The game in 100 words (or less): All of a sudden, the Western Conference has sprung to life as the 2017 regular season winds down — Vancouver Whitecaps, winners of five of their last seven games (unbeaten); Portland Timbers, winners of four of their last six following Sunday’s 3-0 victory over 10-man nine-man Orlando City SC at Providence Park; Sporting Kansas City, losers of just two of their last 15 games; Seattle Sounders, who had their 13-game unbeaten run snapped on Saturday; and Real Salt Lake, winners of four of their last five. With fewer than a handful of games remaining, Vancouver’s lead on Portland and Sporting KC remains one point after all three sides won this weekend; RSL and Seattle are separated by just three points, three points back of second and third. As for Saturday’s game, Diego Valeri is now a top-two candidate for MVP after scoring two more goals (his 19th and 20th, to go with 9 assists) against 10-man Orlando.

[ MORE: TFC’s Shield celebration delayed | RSL end Seattle’s run at 13 ]

Three moments that mattered

15′ — Valeri extends his streak, makes it 1-0 — The last time Valeri failed to score in a game, the date was July 23.

29′ — Mattocks taps it home after Asprilla’s cross — Huge credit to Diego Chara for the through ball to spring Dairon Asprilla into acres of space. The ball to Mattocks was simple, and he got it right.

59′ — Valeri gets no. 20, makes it 3-0 — Joe Bendik managed to deny Mattocks’ initial effort, but Valeri followed up when everyone in white had already quit on the play.

[ FOLLOW: All of PST’s MLS coverageStandings | Stats | Schedule ]

Man of the match: Diego Valeri

Goalscorers: Valeri (15′ – PK, 59′), Mattocks (29′)

The 2 Robbies: City Sparkle, Chelsea Shine, Liverpool Hold On

Photo by Alex Livesey/Getty Images
Leave a comment

Robbie Earle and Robbie Mustoe take a look at some of the weekend’s biggest storylines, including Liverpool’s thrilling victory over Leicester City, Tottenham Hotspur’s frantic win away to West Ham United and Manchester City’s demolition of Crystal Palace.

Join Earle & Mustoe on The 2 Robbies Football Show, Saturdays at 5pm ET. Listen on the NBCSports Radio App and call 855-323-4622 in the U.S. for lively passionate debate.

All of the The 2 Robbies content can be accessed by clicking on this link:

Click here for The 2 Robbies archive ]

Follow them on Twitter @The2Robbies

Ederson harbors no ill will after Mane’s personal apology

Photo by Richard Heathcote/Getty Images
1 Comment

As far as Ederson is concerned, Sadio Mane‘s studs-to-face assault is a thing of the past — save for, the elongated scar he’ll likely wear on the left side of his face for the rest of his life, of course.

[ PL ROUNDUP: Goals galore on a wild Saturday ]

The Manchester City goalkeeper, who was forced from his side’s 5-0 victory over Liverpool on Sept. 9 after his face was raked by the studs of the Reds’ star attacker, revealed this weekend that he received — and accepted — Mane’s personal apology in the days immediately thereafter — quotes from Goal.com:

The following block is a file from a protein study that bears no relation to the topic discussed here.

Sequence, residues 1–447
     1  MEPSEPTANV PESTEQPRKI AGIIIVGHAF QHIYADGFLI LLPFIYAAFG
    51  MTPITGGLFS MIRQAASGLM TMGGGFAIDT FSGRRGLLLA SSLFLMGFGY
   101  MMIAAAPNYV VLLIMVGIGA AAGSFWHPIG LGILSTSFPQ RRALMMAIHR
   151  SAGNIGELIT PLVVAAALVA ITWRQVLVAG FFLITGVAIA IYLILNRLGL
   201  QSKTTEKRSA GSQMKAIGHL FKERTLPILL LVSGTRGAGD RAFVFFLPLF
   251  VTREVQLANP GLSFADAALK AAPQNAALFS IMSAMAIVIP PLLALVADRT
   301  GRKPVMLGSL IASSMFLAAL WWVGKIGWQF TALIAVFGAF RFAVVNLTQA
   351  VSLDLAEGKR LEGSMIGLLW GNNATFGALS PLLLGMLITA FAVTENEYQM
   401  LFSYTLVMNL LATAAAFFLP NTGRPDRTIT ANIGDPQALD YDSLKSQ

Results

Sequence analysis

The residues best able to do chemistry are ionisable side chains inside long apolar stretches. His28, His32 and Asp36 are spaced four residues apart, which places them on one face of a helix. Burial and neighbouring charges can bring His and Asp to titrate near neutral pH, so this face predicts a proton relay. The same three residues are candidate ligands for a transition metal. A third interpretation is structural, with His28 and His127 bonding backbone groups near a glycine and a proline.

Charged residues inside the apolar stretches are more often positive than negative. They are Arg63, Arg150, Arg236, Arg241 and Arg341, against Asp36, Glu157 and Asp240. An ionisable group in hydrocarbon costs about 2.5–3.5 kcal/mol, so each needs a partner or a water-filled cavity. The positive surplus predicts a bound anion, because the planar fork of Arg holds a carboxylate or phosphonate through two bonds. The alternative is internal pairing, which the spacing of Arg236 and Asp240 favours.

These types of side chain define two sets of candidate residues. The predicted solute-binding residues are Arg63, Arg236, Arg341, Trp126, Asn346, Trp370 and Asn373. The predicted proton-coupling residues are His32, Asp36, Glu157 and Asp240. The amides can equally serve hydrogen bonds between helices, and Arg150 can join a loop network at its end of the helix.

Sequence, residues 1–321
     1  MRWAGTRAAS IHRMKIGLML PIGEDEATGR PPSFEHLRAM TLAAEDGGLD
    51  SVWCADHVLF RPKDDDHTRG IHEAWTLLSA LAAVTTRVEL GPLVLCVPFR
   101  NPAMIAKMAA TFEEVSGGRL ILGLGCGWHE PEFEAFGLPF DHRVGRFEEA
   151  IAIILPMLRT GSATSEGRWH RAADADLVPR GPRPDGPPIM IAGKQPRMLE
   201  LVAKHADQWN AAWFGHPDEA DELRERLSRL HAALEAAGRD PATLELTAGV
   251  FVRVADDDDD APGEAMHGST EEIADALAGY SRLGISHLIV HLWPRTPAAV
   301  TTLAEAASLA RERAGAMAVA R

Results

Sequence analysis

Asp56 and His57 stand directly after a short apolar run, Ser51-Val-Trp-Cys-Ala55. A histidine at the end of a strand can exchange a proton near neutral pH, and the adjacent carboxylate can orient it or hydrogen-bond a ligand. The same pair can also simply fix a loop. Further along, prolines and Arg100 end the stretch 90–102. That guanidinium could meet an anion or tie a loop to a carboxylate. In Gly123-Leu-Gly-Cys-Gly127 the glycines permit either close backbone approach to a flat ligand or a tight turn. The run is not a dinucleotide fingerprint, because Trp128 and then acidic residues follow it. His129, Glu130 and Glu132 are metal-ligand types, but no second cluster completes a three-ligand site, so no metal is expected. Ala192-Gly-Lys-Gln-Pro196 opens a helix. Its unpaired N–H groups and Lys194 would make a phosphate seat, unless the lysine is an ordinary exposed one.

“Yes, I had contact with him, he sent me a message. I told him to stay calm, those things happen inside the pitch, it could happen anytime. I told him to not worry and wished him a good season.”

“I ended up having a hard hit in the face, but in the same week, I was ready to play in Champions League. I felt a strong kick, but I was always conscious. I knew it had been a long cut. I wanted to keep playing but, for medical issues, I couldn’t keep playing.

“But I was always conscious, even if I had my face a little bit swollen. But after a week it was normal again. In the same week, I was ready to play in Champions League. I faced that game full of confidence again, without any fear and happy for the result we achieved.”

Bundesliga: Leverkusen throttle HSV; Hannover remain unbeaten

Marius Becker/dpa via AP
Leave a comment

BERLIN (AP) Three days after being cleared to play by FIFA, Argentine striker Lucas Alario scored one goal and set up another on his debut for Bayer Leverkusen to beat Hamburger SV 3-0 in the Bundesliga on Sunday.

Alario struck midway through the first half, converting a cross from Leon Bailey, who also set up Kevin Volland’s opening goal just three minutes before.

A moment of class from Julian Brandt sent Alario through with less than 10 minutes remaining, and the Argentine had the awareness to spot the better-positioned Volland to seal the win.

Alario went off moments later to warm applause from fans.

“The goal is the cream on top. He played very well, scored the goal and combined with others. He worked well coming back and his first goal wasn’t so easy to score,” Leverkusen coach Heiko Herrlich said.

Alario’s first appearance for Leverkusen was held up when previous club River Plate objected to his transfer through the Argentine soccer association (AFA), which denied his playing rights.

The Buenos Aires-based club contended that Alario’s transfer was invalid as Leverkusen paid his release clause of $28.6 million on Aug. 31, after the Argentine season began, which it said was against FIFA rules.

Leverkusen then took the case to FIFA, which ruled in its favor on Thursday.

Leverkusen’s second win in six games eased the pressure on new coach Herrlich after a difficult start.

Counterpart Markus Gisdol remains in need of a change in fortune, however, after four straight defeats. Hamburg next faces Werder Bremen, Mainz and Bayern Munich.


Cologne fought its way to its first point in a 0-0 draw at promoted Hannover after starting the Bundesliga with five straight defeats.

Now the last-place side hopes it can build on the point.

“The luck will come back and the chances we had today will go in,” Cologne goalkeeper Timo Horn said. “We’ll start winning the games again. But the precondition was this performance that we delivered today.”

Peter Stoeger’s side, which has scored only one goal all season, hasn’t netted in its last four league games. That highlighted the extent to which Cologne relied on French striker Anthony Modeste, sold in the offseason in a big-money move to Chinese side Tianjin Quanjian.

Modeste scored 25 Bundesliga goals for Cologne last season. His replacement, former Mainz striker Jhon Cordoba, is yet to score in six games.

“We all have to be satisfied with the draw,” said Hannover general manager Horst Heldt, whose fourth-place side remains one of three unbeaten in the Bundesliga this season.

Hannover coach Andre Breitenreiter remained unbeaten in 15 games across two divisions.